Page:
Testing Sapir-Whorf

“The language you program with shapes and limits the solutions you can formulate.”

How would one go about testing this hypothesis? —Michael

Heh: get some Lispers and a C-gurus in a room and ask them to solve the (n2 - 1)-puzzle-problem.

I wager that the probability of at least one C-guru employing gratuitous bit-packing for representing the puzzle approaches 1; whereas it wouldn’t surprise me if at least one Lisper wrote a reader-macro to do the same thing.

Seriously, though; take something like Google’s Grok, which Steve Yegge describes here as “cross-language source analysis:”


They’ve identified certain common language abstractions across C++, Python, Java, Go, Lisp, etc.; and they scour large codebases, indexing these abstractions.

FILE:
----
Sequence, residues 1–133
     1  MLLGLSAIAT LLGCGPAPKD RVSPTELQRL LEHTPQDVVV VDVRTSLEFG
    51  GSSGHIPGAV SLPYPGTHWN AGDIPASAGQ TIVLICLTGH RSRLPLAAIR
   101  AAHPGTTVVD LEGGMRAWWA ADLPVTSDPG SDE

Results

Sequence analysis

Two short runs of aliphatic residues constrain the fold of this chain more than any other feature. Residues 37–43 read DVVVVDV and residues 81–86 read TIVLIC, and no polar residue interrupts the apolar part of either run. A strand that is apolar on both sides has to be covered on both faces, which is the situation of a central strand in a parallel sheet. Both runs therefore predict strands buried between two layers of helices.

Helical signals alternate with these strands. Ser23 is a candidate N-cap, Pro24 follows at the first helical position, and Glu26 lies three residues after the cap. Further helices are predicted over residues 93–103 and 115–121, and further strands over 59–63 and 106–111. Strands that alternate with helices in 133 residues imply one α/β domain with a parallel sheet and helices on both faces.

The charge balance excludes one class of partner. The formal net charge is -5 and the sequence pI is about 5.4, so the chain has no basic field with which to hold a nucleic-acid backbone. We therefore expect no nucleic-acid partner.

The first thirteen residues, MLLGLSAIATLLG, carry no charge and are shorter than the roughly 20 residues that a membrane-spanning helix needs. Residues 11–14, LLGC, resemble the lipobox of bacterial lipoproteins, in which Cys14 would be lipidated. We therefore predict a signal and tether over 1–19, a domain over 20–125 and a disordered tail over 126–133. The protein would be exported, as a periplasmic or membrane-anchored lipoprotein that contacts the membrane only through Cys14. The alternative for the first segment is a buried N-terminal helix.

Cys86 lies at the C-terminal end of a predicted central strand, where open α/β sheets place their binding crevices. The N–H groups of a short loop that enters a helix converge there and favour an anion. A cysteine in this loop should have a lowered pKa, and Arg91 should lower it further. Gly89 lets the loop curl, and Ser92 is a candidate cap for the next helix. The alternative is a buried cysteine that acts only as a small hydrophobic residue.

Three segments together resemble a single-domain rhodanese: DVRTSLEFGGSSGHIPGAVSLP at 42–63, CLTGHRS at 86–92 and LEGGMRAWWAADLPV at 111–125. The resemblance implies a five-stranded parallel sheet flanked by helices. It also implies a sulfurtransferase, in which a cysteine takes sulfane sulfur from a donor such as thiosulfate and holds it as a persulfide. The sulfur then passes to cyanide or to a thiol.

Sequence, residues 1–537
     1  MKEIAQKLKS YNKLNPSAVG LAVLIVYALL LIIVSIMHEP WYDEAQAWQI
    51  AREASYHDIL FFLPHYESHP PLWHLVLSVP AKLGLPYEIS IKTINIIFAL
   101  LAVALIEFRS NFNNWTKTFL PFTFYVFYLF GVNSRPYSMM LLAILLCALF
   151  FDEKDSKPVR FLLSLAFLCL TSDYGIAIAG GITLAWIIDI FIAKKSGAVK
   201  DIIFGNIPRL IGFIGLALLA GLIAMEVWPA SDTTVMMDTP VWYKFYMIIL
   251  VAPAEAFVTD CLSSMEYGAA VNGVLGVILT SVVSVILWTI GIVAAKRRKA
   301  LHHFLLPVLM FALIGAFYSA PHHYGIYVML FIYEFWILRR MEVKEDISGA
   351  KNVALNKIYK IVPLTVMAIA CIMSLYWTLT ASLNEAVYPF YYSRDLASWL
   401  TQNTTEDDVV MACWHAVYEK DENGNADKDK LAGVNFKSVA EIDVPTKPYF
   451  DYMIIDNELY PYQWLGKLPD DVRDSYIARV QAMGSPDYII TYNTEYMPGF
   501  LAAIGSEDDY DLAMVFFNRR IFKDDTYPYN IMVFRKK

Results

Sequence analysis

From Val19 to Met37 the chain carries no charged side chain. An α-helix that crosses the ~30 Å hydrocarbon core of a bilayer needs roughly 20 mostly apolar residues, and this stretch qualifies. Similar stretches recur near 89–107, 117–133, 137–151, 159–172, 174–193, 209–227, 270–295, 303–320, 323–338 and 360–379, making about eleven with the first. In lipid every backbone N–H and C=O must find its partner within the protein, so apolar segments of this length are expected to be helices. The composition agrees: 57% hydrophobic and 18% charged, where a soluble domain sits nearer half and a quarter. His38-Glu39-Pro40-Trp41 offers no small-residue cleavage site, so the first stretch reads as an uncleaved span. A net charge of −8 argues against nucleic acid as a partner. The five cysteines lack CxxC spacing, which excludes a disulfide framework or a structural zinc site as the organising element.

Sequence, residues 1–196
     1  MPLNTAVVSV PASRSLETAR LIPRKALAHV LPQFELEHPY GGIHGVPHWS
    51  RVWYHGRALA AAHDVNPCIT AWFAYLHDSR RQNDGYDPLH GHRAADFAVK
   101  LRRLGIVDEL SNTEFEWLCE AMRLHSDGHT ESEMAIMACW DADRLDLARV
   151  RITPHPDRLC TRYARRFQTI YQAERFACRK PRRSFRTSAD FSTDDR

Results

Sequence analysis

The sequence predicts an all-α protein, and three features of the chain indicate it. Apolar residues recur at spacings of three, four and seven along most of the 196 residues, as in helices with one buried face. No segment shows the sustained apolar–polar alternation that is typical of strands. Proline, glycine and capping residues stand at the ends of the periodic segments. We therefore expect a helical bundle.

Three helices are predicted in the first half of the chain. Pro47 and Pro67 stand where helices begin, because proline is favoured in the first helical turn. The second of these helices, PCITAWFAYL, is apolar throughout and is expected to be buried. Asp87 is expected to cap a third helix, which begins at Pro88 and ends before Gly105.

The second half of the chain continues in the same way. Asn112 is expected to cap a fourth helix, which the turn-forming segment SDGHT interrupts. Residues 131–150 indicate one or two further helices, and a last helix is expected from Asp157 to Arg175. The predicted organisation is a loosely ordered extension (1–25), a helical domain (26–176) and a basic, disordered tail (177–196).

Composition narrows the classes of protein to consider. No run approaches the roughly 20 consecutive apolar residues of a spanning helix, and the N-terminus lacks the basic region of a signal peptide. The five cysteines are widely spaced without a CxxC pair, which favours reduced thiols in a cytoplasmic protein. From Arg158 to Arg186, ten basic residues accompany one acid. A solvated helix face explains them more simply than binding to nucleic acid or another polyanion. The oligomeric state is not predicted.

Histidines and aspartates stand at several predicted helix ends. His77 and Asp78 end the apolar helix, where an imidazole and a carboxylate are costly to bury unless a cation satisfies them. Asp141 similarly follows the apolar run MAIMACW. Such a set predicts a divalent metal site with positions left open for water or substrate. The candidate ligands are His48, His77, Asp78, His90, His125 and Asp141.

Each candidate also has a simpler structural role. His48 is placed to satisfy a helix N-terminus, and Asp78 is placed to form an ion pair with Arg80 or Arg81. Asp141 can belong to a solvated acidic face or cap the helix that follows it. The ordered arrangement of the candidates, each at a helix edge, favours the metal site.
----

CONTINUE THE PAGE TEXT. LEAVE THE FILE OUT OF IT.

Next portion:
Taking a look at those statistics gives you a Sapir-Whorf of grammar, answering the question: “what things do programmers in a given language prefer to think in?”

Answering the question, “what things do programmers in a given language prefer to think about?”, or a Sapir-Whorf of semantics (probably a more interesting question), is probably a little more difficult.

One interesting thing would be to do some sort of semantic clustering on GitHub projects, where Github also keeps language statistics; and see if there are any interesting interaction.

SourceForge also used to maintain a software-map based on Trove, if I remember correctly; which could also be correlated with language.